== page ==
We look forward to presenting Transform 2022 in person again on July 19th and virtually from July 20th to 28th. Join us for insightful conversations and exciting networking opportunities. Register today!
The growth of the IoT has triggered a rush to deploy billions of devices worldwide. Companies in key industries have amassed vast fleets of connected devices, creating security gaps. Today, IoT security is overlooked in many areas. For example, a significant percentage of devices share the admin/admin user ID and password because their default settings are never changed.
The reason security has become an afterthought is because most devices are invisible to businesses. Hospitals, casinos, airports, cities, etc. simply have no way of seeing every device on their networks. As a result, security threats are increasing. In the first half of 2021, more than 1.5 billion attacks were perpetrated against IoT devices, about twice as many as in the previous year.
For highly regulated industries like healthcare, utilities, logistics, etc., the cost of a breach can be devastating. Because of this, organizations operating in these areas need robust device management and security controls to ensure they prevent security breaches before they happen. Failure to do so can result in compliance issues and millions of dollars in fines.
Fact: You can’t backup what you can’t see. Here are five critical industries suffering from security vulnerabilities.
Well, The most important industry that depends on IoT devices is healthcare. Hospitals, clinics and vaccine delivery facilities are often targeted, and the motive is not always monetary. In some cases it appears to be sabotage. A recent study by the Ponemon Institute found that nearly a quarter of hospital data breaches originated from a medical or IoT device. Ransomware attacks on hospitals doubled in 2021, threatening hospital revenues and their ability to care for patients.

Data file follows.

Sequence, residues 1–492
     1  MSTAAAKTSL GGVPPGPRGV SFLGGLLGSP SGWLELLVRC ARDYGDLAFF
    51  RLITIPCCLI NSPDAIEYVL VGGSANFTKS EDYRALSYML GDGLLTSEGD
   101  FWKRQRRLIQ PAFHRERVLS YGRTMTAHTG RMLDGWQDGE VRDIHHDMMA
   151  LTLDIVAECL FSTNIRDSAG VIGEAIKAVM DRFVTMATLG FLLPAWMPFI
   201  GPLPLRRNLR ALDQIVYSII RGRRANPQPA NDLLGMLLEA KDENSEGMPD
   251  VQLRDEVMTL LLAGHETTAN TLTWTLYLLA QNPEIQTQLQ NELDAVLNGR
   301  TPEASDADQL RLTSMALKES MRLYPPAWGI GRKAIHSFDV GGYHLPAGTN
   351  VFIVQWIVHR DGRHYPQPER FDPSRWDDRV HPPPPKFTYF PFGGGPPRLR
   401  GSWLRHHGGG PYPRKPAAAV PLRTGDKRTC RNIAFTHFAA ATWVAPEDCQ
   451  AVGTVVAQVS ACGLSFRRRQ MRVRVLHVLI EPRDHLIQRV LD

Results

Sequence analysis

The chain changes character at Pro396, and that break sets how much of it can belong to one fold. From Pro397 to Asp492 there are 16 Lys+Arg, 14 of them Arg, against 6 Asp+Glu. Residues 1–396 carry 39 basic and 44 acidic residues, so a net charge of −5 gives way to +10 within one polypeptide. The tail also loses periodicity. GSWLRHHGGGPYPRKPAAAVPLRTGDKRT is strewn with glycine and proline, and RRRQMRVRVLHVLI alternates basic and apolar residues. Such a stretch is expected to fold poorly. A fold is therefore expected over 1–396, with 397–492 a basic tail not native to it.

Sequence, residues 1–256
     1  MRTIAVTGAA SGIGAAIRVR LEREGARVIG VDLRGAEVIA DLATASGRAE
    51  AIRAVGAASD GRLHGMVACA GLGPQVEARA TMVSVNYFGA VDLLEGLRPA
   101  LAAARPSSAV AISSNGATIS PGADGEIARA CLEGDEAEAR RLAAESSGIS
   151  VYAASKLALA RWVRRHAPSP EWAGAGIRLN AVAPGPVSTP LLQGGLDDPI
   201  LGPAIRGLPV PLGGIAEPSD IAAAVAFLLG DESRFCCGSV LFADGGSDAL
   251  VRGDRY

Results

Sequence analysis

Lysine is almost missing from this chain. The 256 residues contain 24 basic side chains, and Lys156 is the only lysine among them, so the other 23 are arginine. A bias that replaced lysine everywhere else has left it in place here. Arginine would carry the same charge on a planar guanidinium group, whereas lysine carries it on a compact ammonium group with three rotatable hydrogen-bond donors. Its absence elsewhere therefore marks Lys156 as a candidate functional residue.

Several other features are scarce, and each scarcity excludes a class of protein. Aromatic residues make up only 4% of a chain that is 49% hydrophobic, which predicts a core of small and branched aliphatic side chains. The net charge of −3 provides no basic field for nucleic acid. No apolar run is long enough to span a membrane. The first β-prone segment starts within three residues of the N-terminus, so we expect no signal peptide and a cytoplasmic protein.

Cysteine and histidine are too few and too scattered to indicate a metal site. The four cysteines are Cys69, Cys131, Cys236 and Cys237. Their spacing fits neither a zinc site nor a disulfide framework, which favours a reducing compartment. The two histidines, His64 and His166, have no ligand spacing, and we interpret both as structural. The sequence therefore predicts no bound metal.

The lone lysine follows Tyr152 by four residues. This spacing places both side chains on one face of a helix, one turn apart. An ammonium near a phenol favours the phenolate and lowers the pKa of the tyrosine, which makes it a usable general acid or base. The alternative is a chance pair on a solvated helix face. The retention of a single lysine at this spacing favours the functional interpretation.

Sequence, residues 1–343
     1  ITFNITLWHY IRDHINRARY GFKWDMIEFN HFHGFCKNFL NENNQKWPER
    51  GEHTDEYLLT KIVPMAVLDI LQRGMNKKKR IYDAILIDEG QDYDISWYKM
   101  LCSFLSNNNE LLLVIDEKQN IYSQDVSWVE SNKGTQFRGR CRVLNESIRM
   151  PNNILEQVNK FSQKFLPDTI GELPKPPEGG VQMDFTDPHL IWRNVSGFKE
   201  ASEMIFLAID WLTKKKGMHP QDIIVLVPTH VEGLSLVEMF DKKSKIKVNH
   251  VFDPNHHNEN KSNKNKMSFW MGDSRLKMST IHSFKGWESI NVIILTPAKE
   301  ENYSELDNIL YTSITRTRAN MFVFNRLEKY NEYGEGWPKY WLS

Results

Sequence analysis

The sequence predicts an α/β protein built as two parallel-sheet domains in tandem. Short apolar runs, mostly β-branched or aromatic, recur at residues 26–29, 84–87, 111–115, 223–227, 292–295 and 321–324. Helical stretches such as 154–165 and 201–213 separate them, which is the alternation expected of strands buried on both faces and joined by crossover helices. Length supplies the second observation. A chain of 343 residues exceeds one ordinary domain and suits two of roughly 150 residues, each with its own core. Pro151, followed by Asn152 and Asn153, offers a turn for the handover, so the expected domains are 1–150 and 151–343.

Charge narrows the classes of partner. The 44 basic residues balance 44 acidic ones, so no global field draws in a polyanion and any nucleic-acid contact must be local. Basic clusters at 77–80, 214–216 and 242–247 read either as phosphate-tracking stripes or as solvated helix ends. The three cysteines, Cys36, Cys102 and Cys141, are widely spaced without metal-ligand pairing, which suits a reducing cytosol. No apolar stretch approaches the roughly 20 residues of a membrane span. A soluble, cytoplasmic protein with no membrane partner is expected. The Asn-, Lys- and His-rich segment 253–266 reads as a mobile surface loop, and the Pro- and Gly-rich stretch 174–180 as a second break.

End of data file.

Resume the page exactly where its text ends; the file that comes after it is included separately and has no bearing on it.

CISA, the Cybersecurity and Infrastructure Security Agency, formed a COVID task force in 2020 to assess threats to patient care and the functioning of health and vaccine facilities. The task force found a variety of threats to patient care and survival stemming from attacks that exploit unguarded IoT attack surfaces in hospitals. This includes medical equipment, as well as surveillance cameras and access controls for the physical protection of healthcare facilities.
“The Internet of Medical Things is more vulnerable than we anticipate,” said Josh Corman, chief strategist for the CISA task force. “Especially before the pandemic, 85% of hospitals in the US were missing a single security guard on staff.”
energy and utilities
Utilities are a popular target for nation-state-backed attackers. Utilities worldwide reported that 1.37 billion IoT devices were deployed by the end of 2020. The energy industry as a whole includes critical infrastructure—like smart meters, security cameras, and temperature/fire/chemical leak controls—that are often the target of attackers.
There are numerous cases of utility sabotage and ransomware hijackers hijacking operational technology. Around the world, energy and utility companies have taken steps to protect water supplies, power grids, refineries and pipelines. But more can be done.